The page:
|The only Star Wars product
I have enjoyed in the last decade
Star Wars taught me a tough but valuable lesson: just because something has a particular label on it, doesn’t mean that it is good. This lesson took a long time for me to understand, however. Star Wars was a huge part of my childhood and a formative experience in my life. One of my favorite RPG campaigns of all time was played with d6 Star Wars. One of my favorite computer franchises of all time is the X-Wing/Tie-Fighter series. I was all in.
I couldn’t bring myself to understand that the emotion I was feeling after watching Episode I at a midnight showing on opening day was disappointment. I spent hours and a lot of money watching Phantom Menace trying to convince myself that it was good. Then I saw Episode II in theaters at a matinee a couple of weeks after it opened and came to terms with the idea that Star Wars was no longer a brand I could trust.
I had hope that Disney could turn things around. So, when my kids wanted to see Episode VII in the theaters, I went. I walked out of the movie with a feeling I was familiar with and now was accustomed to: disappointment. This time, however, I refused to spend another dime.
I suppose that is why I was so adamant to ditch WotC when they put their “warning” labels on legacy products. The disappointment I had when realizing WotC saw me as a racist simply for buying and playing one of the most important games in my lifetime was similar to what I was feeling walking out of Phantom Menace. So, I didn’t spend another dime, despite several legacy products being released in POD that I would have otherwise snatched up in a second.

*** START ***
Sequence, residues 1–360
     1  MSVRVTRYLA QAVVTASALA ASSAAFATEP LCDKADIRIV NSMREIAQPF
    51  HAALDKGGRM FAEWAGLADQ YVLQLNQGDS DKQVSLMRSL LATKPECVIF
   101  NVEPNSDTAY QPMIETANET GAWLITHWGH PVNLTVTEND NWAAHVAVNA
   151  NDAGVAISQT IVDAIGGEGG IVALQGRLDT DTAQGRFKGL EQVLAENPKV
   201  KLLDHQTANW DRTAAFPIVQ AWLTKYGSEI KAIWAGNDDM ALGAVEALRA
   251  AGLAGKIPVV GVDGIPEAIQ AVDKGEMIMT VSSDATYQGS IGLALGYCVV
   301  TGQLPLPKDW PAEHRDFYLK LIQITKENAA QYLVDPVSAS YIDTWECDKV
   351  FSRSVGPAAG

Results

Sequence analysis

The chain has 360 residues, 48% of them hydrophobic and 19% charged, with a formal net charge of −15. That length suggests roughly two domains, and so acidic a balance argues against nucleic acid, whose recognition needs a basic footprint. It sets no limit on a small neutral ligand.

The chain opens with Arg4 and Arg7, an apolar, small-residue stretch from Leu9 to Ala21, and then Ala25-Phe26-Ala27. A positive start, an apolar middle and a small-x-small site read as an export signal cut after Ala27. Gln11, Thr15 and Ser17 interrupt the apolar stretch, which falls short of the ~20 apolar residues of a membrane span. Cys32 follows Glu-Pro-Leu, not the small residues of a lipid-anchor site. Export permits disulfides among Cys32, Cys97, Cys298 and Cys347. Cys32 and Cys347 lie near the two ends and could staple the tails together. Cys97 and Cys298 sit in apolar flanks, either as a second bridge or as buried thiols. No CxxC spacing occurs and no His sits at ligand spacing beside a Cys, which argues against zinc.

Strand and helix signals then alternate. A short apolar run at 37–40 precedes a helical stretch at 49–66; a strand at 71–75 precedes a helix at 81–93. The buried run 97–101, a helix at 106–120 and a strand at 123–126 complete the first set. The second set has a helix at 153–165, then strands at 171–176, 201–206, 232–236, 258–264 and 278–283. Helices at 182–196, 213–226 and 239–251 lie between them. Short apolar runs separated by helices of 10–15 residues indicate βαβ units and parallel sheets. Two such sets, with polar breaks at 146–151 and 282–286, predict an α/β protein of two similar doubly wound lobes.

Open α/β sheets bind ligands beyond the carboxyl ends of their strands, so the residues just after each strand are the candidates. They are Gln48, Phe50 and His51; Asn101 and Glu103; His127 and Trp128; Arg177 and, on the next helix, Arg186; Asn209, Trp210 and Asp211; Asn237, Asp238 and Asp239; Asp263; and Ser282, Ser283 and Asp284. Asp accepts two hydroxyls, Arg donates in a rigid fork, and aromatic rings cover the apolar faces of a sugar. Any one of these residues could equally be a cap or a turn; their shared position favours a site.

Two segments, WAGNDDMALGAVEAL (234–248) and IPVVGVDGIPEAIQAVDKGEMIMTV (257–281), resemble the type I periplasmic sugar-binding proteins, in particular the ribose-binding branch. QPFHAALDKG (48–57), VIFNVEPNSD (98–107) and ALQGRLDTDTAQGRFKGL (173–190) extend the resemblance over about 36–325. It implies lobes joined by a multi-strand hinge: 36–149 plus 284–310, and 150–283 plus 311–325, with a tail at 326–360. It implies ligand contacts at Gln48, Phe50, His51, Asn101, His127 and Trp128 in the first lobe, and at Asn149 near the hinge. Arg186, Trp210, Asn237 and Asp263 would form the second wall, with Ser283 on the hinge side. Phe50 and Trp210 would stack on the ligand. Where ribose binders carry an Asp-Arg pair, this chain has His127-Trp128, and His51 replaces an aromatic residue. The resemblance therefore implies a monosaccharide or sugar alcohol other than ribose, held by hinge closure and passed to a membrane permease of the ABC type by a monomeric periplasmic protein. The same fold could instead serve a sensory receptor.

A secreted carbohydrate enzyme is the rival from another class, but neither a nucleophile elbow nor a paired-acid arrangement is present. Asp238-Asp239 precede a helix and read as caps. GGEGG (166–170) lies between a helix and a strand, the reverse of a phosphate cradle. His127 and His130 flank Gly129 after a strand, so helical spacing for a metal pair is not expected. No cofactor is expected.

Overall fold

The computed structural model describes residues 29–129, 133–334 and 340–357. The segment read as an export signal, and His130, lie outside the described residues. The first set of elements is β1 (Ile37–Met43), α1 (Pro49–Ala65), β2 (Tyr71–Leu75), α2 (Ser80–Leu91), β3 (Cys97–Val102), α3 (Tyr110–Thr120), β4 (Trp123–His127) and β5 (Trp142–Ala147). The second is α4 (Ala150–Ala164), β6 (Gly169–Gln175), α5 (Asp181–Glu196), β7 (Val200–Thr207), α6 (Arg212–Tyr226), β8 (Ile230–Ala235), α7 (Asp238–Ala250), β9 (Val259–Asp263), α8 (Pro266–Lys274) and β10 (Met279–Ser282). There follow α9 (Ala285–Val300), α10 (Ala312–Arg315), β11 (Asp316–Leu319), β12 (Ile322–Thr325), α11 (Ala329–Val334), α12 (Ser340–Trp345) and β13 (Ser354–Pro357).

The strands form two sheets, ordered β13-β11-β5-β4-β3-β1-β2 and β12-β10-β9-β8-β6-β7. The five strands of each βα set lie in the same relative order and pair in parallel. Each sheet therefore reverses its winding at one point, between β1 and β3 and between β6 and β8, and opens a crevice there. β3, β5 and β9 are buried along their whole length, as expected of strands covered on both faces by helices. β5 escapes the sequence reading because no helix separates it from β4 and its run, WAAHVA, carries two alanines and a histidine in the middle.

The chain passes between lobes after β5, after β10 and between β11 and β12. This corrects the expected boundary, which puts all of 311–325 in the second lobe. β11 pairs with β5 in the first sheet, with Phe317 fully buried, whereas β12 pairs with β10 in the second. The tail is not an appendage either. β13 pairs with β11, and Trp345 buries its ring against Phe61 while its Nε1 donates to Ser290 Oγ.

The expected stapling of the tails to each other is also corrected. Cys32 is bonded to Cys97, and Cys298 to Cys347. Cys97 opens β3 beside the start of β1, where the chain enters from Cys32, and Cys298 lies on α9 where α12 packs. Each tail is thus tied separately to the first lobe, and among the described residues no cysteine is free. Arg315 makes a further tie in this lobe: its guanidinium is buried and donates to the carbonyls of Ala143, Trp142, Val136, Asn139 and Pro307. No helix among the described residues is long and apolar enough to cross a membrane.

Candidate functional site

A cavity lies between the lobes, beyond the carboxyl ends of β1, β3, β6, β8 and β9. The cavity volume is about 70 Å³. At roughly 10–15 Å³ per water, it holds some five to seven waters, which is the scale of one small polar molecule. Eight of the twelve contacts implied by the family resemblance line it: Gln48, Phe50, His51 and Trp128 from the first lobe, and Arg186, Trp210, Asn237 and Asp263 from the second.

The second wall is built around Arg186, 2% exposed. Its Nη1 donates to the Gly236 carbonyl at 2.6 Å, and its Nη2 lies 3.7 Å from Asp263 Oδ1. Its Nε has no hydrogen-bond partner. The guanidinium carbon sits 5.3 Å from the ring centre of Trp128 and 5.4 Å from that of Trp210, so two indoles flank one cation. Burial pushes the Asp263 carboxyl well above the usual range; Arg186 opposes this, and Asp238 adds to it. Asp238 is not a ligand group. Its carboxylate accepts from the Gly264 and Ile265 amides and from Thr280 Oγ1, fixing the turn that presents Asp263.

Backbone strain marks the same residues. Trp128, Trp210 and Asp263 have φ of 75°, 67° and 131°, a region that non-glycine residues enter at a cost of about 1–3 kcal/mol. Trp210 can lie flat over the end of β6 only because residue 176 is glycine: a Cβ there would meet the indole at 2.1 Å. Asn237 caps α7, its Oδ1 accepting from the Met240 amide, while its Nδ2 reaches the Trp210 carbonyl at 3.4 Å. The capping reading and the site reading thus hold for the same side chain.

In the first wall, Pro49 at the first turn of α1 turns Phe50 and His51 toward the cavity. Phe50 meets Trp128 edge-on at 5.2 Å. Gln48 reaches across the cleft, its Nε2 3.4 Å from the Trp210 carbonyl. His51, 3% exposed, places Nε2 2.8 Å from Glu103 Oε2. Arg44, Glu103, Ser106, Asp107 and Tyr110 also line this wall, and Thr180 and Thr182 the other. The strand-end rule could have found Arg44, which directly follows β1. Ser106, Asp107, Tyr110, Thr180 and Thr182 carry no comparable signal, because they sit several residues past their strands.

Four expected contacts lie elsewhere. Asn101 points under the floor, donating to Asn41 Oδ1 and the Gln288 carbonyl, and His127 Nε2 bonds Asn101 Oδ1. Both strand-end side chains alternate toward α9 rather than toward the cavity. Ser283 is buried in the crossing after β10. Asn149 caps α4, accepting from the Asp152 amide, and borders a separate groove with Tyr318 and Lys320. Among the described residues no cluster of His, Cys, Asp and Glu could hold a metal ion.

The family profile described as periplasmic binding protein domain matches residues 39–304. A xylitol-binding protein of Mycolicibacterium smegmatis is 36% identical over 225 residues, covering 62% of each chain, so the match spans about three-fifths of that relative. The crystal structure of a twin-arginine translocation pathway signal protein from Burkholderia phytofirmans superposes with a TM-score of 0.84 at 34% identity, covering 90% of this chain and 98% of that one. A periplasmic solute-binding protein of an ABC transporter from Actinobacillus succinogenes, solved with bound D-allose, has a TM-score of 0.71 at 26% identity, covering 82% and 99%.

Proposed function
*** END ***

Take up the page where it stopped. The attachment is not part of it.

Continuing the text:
The last several months have proven my instincts correct. WotC has rendered the label “Dungeons & Dragons” worthless. It seems that the shenanigans Hasbro has pulled have finally woken some people up to the fact that WotC and Hasbro are run by people who care nothing about gamers or the games we play.
I realize I am a small voice in the wilderness, but I not only encourage everyone to stop buying something simply because it has the label “Dungeons & Dragons” on it, but to create your own systems, adventures, and worlds. I can almost guarantee that whatever you produce is going to be a whole lot better than whatever WotC has put the label "Dungeons & Dragons" on.
BTW for those interested, the title of this post comes from the fond memories of an alum of my seminary who went to my school in the 70s. In response to the popularity of Star Wars and the Force, which from an Orthodox Christian POV is a dualistic heresy, one of the bishops printed up a bunch of T-Shirts that said, “May the Φος Be With You.” In Greek, φος (phos as in phosphorescence) means “light” as in John 8:12, “Again Jesus spoke to them, saying, ‘I am the light of the world. Whoever follows me will not walk in darkness, but will have the light of life.’”
Ever since May 4th became a thing where Star Wars fans say, “May the Force Be With You” I have gently corrected their spelling…